What is the best way to incorporate a different language that uses another alphabet into a fiction manuscript? I am trying to use Russian in an English manuscript, but I don't know if I should use the pronunciation or the actual Russian alphabetic letters. Are there rules for this?

(I would give my examples, but they're swear words, and I don't know the rules on this site for putting that content out.)

2 Answers 2


Rules? No, not beyond any that your publisher or editor might have. But one factor to consider is that, assuming you're not publishing in a specialized or foreign market, your readers probably won't know how to pronounce the words in a different alphabet -- you can't sound things out if you don't know the pronunciation rules. This means that the words you use are just glyphs, not words they can subvocalize and remember.

I saw this used to good effect once (can't remember where) in a story where the characters encountered a sign they couldn't read. It seemed perfectly reasonable that the reader couldn't read it either. But some people might be thrown a bit if they can't "hear" something that's spoken in the story. If you instead transliterate (and change the formatting; italics is common for this), you convey that it's a foreign word while still giving them something they can pronounce.

There are readers who don't care (I know people who can't tell me the names of Russian characters in books, but they know them when they see them), but using the original alphabet will get in the way of people who do care without helping most of your readers. So, assuming you don't have a higher-than-normal proportion of Russian readers in your audience, you will be more accessible by transliterating.

In practice, a few isolated words in a novel won't make a difference either way. But if you have a character who tends to use these words more frequently, you might want to fall back on the transliteration.

  • Thank you! I was intending to use it only once as a phrase when one of my main characters is so in shock, he reverts to his native language to swear. So it's a total of two words, but I think I like using the transliteration with italics.
    – Nicole
    Apr 15, 2015 at 1:17
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    Glad to help! Another benefit: you'll teach your readers a little bit about how to swear in Russian -- skills they can use! :-) Apr 15, 2015 at 1:18
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    I see you say that it's just two words. But I'd add that including a lot of text in a foreign language -- whether given in the original alphabet or transliterated -- just makes it harder for the reader who does not know that language to follow the story. I've seen this done at times, someone has a French character regularly making statements in French or whatever -- and as I don't speak French it's just annoying. I'm missing chunks of the story. For an exclamation, it's probably obvious in context it's an exclamation, that's probably all the reader needs to know.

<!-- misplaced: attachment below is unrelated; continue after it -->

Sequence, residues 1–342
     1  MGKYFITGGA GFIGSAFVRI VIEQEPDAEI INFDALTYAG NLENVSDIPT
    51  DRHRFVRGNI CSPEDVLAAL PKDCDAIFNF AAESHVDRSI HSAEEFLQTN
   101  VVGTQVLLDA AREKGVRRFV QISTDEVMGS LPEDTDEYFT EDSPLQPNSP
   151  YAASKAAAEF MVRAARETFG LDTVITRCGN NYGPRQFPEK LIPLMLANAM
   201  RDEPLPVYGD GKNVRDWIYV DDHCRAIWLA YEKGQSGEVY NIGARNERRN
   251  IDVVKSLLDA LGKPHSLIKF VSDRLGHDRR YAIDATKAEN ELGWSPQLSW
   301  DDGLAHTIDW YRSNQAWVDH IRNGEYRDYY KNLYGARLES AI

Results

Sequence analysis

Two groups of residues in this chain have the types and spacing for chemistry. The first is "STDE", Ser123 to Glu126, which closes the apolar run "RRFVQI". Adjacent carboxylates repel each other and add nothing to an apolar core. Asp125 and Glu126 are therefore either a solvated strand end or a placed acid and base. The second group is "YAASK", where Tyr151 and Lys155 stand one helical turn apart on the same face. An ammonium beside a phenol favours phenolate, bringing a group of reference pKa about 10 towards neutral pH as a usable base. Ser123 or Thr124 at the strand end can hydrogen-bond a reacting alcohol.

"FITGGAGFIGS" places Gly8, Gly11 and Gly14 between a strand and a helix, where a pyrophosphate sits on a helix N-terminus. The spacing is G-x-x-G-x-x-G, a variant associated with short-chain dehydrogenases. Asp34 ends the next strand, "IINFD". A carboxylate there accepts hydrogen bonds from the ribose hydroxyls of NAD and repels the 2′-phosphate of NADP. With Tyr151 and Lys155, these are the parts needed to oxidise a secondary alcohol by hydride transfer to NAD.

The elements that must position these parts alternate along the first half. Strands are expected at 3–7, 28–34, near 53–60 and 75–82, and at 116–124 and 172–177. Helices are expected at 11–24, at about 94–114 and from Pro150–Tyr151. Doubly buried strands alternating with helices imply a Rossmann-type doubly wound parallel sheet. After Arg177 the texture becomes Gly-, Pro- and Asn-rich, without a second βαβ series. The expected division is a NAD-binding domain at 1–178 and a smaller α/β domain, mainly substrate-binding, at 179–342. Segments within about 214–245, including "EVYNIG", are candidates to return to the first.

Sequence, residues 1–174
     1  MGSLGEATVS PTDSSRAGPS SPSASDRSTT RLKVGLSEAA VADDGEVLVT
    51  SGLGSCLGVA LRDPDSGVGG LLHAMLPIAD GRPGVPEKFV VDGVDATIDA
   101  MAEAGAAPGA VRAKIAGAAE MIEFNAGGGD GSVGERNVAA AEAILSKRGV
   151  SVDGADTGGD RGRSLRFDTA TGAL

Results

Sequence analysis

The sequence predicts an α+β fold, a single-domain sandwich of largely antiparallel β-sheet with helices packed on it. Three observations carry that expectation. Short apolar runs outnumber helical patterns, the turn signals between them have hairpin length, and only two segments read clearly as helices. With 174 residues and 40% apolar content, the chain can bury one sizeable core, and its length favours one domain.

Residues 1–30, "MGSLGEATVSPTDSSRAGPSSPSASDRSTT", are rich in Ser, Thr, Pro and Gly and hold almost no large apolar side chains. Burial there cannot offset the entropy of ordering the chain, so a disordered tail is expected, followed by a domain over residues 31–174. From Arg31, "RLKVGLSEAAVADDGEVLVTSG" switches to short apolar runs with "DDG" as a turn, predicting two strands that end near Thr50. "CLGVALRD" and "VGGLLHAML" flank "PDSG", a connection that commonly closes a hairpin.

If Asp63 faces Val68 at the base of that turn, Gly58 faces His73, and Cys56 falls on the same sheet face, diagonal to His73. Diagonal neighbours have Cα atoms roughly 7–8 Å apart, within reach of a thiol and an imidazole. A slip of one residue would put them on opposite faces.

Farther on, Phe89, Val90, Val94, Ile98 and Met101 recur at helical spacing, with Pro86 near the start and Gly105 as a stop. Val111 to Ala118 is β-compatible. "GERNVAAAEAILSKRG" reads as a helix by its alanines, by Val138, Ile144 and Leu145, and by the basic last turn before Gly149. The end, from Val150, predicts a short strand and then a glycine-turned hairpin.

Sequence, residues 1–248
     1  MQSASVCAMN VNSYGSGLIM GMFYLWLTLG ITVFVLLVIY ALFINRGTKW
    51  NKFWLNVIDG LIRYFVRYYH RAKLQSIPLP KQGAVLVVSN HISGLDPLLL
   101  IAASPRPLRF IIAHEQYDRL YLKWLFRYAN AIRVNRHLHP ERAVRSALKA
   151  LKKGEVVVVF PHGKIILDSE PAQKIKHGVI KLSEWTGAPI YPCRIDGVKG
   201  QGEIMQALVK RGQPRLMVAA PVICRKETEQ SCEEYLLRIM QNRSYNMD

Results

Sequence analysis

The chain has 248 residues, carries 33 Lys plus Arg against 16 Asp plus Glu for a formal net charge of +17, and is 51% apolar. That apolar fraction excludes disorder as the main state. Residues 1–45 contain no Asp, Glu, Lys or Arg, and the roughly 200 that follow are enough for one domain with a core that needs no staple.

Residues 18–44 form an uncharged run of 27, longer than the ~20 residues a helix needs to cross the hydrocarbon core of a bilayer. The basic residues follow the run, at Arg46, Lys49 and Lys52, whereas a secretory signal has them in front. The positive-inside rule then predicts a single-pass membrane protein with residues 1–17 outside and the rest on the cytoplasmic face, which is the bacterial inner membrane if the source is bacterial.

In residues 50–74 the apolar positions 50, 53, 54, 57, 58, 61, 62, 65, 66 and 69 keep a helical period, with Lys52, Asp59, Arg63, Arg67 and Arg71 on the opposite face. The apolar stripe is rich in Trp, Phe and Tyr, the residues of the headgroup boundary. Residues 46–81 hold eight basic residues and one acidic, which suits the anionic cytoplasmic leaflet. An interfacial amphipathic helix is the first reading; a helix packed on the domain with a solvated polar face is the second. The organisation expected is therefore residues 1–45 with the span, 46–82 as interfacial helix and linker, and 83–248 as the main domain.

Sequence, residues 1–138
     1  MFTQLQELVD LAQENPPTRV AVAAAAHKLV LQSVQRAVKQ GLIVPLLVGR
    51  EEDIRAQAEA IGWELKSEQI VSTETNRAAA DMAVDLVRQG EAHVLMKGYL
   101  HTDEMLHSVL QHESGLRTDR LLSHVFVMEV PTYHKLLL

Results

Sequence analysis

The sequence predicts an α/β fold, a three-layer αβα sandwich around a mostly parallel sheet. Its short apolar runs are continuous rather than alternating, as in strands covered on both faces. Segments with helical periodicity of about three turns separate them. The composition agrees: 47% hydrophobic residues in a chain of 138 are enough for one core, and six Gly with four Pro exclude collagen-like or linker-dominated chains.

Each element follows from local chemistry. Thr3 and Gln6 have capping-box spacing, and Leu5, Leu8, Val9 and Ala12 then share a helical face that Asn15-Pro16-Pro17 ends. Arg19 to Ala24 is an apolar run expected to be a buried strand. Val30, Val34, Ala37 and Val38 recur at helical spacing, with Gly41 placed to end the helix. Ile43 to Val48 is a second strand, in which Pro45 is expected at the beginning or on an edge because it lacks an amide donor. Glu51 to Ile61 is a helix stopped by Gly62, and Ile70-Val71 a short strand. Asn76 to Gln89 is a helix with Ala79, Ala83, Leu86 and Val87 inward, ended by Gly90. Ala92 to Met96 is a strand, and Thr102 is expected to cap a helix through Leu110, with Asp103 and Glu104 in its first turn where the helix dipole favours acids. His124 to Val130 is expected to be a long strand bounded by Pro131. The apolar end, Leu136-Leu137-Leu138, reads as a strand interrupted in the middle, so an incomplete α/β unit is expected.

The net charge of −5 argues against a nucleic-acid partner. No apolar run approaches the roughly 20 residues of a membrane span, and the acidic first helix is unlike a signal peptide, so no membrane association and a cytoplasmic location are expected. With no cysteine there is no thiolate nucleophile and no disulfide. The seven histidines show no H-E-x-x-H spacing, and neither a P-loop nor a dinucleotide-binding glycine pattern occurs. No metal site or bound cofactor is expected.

– Jay
    Apr 15, 2015 at 13:35
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    @Jay - I've seen it come up in sci-fi a lot. More in movies than in novels (i.e. R2-D2), but I've seen it in books too. The key is making it a dialog with someone who responds in such a way that the reader can infer what the sentence was. And not to overdo it.
    – Bobson
    Apr 15, 2015 at 17:07
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    @bobson Yeah, it can be done. Making what A said inferable from B's reply is possible -- I've seen it done a lot with phone conversations -- but when done clumsily can get silly. Like, "Hello, Bob" ... pause ... "You say that Sally lost her job?" ... pause ... "Huh, because she was late for work?" etc. Fill in the other side and the conversation is apparently, "Sally lost her job." "You say Sally lost her job?" "Yes, her boss said he fired her because she was late for work." "Huh, because she was late for work?" Etc. Of course it can be done well, but it's hard.
    – Jay
    Apr 15, 2015 at 18:58

Outside of scholarly of scholarly work the norm would be to transliterate. Now I am all for violating norms, but it is riskier, more work and you have to know what you are doing. if you can pull it off It would be praiseworthy, but it is not appropriate to all situations, particularly in that violating norms draws attention so one question is do you want to draw attention here?

  • Based on the OP's statement "only once as a phrase when one of my main characters is so in shock, he reverts to his native language to swear. So it's a total of two words" using a truly foreign representation could be appropriately jarring to the reader, emphasizing the mental break in the character. The fuzziness of waking up could be another circumstance where phonetic transliteration might be less desirable. Another case would be, as Monica mentioned, when the other characters do not understand.
    – user5232
    Apr 15, 2015 at 11:01

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